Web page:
By KATHERINE NGUYEN
I’m only six months away from being a legal adult, yet Ouija: Origins of Evil is the first horror movie I’ve seen. And if you couldn’t already guess, it didn’t go too well.
The movie is the prequel to the 2014 movie Ouija, which follows a group of friends going through the curses and traumas of a particular demon identified as “DZ”. The spirit is later shown to be a little girl by the name of Doris Zander, and the prequel, released October 1, 2016, follows the life of said girl before and while she’s possessed.
From the looks of the beginning of the movie, I thought that I could hold myself together. It shows single mother Alice Zander, who makes her living as a fortune teller. Though she’s attempting to do good by giving grieving clients closure, she does it through a scam: her two daughters, high school student Paulina (Lina) and nine-year-old Doris, aid her in special effects that give the illusion of a connection to the spiritual world. They would blow candles with bellows behind secret doors and hide themselves in curtains and scarves to portray the spirits.
However, the tables begin to turn when Alice brings home a Ouija Board in hopes of spicing up her act. Unfortunately, young Doris begins to play with the “game” in an attempt to communicate with her father.
It’s barely 20 minutes into the movie before the Zander family breaks the three distinct rules of Ouija: one – never play alone, two – never play in a graveyard, and three – always say goodbye. And as you would expect, all hell breaks loose. People begin getting possessed left and right, bodies are thrown from the ceiling on nooses, and facial features are distorted beyond belief.
I walked into the movie crossing my fingers that I wouldn’t cry, seeing as it was only rated PG-13, but I think we both know that didn’t happen.
I spent the entire last half of the movie curled up in a ball, eyes glued shut with fear, but I still couldn’t escape the scariness. The audio of the movie, paired with the effects of the theater, echoed into my mind. The movie had such a great emphasis on the dialogue and script that I could comprehend and be absolutely horrified of what was going on without even being able to physically see the screen.
However, the petrifying glimpses that I did catch left me in awe. Similar to most horror movies, Ouija is largely reliant on special effects. The demon figures and deformed faces were achieved through prosthetic makeup, with the former being created from full-length body paint and masks and the latter through silicone masks and appliances that were attached to the actors’ faces and blended into their body suits. Special effects were utilized to create a suspenseful environment with creeping features in the background and whited-out eyes.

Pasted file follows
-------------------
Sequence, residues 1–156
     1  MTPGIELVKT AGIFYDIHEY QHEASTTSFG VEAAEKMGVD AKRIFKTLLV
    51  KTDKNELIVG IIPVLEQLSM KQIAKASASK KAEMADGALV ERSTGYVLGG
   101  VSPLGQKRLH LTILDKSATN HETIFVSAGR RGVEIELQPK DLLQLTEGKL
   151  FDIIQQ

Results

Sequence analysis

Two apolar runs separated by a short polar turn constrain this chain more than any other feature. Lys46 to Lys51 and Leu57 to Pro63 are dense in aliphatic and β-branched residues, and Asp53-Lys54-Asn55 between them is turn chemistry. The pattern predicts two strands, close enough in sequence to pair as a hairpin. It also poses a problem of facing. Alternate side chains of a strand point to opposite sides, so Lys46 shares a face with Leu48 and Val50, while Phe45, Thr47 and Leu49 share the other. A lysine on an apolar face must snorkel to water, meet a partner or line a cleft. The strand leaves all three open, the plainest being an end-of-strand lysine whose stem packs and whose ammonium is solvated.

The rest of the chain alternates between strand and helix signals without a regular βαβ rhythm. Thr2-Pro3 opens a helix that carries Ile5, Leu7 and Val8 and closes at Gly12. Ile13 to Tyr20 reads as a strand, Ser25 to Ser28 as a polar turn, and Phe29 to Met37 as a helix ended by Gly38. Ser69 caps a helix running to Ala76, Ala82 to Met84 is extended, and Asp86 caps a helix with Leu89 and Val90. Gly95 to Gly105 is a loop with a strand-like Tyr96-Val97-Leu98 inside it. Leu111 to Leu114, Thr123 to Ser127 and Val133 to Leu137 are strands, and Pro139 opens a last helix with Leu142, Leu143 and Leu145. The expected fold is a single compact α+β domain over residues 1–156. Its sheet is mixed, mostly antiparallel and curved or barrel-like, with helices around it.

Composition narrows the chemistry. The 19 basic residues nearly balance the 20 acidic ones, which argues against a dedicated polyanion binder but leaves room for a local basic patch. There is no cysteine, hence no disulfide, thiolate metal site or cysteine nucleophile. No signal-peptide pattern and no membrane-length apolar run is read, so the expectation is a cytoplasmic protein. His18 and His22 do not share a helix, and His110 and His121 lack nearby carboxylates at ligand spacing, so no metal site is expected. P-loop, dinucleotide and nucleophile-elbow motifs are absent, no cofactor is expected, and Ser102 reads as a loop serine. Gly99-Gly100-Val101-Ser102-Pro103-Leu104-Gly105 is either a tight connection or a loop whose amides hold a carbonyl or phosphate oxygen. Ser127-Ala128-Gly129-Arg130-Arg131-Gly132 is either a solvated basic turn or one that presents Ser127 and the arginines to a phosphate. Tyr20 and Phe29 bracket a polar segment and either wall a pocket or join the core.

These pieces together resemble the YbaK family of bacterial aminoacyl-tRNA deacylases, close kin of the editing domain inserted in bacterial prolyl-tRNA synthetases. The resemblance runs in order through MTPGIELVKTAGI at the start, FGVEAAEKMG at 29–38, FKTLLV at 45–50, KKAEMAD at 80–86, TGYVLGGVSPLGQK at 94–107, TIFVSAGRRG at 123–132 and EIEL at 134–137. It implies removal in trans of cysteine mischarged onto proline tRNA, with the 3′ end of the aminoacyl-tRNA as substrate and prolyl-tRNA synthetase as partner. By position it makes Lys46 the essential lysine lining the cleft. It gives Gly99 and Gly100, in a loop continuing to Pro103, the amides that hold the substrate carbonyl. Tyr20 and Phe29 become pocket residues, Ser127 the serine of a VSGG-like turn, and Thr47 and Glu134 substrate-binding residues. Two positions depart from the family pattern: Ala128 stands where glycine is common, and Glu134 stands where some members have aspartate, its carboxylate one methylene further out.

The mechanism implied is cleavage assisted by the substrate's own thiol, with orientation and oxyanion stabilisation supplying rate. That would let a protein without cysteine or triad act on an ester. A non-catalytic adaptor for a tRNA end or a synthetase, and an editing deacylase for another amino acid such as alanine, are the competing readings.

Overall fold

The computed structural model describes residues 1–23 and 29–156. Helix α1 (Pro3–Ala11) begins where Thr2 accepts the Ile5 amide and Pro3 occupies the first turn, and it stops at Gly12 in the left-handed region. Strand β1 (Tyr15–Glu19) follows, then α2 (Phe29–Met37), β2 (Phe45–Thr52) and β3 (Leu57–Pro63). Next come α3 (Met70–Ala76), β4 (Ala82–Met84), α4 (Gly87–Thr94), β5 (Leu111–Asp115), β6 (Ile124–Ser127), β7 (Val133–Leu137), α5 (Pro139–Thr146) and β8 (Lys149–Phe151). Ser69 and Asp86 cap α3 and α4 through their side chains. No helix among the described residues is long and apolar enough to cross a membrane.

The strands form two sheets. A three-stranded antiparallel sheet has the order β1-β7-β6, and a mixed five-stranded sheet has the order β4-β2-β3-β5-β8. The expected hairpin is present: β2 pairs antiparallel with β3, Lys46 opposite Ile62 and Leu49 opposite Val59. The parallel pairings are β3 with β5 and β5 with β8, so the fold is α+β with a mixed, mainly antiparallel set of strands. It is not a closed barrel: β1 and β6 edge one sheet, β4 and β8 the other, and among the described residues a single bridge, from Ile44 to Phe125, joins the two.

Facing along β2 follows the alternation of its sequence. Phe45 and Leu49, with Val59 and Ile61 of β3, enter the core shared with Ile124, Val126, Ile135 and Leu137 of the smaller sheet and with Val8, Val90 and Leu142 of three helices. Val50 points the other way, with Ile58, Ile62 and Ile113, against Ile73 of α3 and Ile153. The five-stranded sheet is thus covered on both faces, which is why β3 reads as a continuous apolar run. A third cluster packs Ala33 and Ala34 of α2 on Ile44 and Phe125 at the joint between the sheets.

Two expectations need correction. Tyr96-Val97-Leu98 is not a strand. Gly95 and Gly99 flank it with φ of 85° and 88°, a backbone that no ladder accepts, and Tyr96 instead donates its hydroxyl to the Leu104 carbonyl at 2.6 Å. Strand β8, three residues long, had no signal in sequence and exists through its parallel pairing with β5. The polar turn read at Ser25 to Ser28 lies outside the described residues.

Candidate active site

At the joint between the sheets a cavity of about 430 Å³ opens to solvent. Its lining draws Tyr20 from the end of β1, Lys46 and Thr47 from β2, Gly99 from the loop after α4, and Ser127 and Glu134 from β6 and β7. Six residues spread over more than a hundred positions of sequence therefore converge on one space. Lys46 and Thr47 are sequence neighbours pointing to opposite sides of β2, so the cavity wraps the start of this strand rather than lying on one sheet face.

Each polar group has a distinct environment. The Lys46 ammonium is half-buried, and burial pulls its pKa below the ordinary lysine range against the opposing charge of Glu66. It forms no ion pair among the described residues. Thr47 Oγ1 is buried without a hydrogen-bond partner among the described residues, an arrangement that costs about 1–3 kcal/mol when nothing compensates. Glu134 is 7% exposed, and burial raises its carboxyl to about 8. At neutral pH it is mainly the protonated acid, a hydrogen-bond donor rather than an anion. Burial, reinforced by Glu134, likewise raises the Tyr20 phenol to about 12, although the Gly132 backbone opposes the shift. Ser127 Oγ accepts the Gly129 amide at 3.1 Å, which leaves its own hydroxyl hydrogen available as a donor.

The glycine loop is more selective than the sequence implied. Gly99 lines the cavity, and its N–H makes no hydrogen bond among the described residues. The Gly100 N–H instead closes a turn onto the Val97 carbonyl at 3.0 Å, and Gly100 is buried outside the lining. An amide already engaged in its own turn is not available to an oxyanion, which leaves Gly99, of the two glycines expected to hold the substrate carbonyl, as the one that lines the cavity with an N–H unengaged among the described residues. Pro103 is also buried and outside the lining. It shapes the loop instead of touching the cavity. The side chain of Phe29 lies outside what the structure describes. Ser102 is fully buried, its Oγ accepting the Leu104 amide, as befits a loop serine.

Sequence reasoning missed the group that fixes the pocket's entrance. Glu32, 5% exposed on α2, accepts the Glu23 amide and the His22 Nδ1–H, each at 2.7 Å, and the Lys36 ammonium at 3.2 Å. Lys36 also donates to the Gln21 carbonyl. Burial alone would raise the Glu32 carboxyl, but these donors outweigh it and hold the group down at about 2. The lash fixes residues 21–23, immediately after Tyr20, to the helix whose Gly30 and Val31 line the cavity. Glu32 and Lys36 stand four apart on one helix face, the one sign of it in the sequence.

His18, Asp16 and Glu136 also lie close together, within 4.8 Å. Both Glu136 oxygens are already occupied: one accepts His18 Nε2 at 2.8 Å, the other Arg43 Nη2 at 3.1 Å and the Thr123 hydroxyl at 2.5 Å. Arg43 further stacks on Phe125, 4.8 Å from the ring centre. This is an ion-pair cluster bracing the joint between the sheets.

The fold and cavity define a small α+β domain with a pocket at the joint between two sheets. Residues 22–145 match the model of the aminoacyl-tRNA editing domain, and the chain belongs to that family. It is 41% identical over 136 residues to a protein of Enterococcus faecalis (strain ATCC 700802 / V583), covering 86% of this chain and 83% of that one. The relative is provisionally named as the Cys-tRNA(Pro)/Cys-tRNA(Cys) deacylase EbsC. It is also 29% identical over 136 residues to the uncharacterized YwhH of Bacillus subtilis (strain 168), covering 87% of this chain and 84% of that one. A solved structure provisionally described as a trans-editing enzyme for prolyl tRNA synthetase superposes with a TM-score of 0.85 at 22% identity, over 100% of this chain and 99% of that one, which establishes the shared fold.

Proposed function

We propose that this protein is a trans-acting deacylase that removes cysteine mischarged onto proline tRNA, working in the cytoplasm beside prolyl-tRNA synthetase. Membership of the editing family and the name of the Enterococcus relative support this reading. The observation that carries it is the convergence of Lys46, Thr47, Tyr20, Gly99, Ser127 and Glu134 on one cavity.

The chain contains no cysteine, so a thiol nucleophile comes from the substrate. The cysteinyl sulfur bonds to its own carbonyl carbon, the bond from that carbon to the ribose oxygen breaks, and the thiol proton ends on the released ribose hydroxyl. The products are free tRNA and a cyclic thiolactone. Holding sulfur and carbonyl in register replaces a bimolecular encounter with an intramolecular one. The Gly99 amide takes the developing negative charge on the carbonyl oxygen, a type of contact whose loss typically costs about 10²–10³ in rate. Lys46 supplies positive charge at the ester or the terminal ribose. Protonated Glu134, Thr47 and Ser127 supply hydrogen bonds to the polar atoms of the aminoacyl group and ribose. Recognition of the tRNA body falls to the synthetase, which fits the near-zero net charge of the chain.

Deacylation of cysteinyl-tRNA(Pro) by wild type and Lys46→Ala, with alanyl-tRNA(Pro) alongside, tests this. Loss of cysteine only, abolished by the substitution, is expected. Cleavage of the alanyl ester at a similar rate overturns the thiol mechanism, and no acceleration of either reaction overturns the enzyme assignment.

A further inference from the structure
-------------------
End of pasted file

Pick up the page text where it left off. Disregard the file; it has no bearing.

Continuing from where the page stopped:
The clear stand-out actresses of the film are Lulu Wilson, who played Doris, and Annalise Basso, who took the role of Lina. Wilson, despite her young age, masters the definite transition from innocent child to enraged demon. When she is the sweet, caring daughter, you cannot help but adore her. But when she’s possessed and writing Polish with her head turned the wrong way, you’re either ready to bolt out of the theater or stick your hands into the screen and strangle her.
Basso, the lone survivor in the end of the movie, is able to transform from a sassy, sneaking-out teenager to a worried daughter and sister, and then ultimately to a psychotic mental asylum patient who is capable of doing the unimaginable.
Taking into consideration that it is a thriller, the plot flowed smoothly. The timeline develops in a logical (albeit absolutely terrifying) manner and doesn’t leave questions unanswered.
One of the unfortunate friends I dragged to see the horrifying film with me, Megan Lee (Sr.), said, “I thought I was going to die. It was good; I was entertained, but I still thought I was going to die.”
Ouija: Origins of Evil is considered critically better than its predecessor; it received generally positive reviews with an 82% on Rotten Tomatoes. Along with that, it is Hasbro Studios and Platinum Dunes’ highest rated film to exist.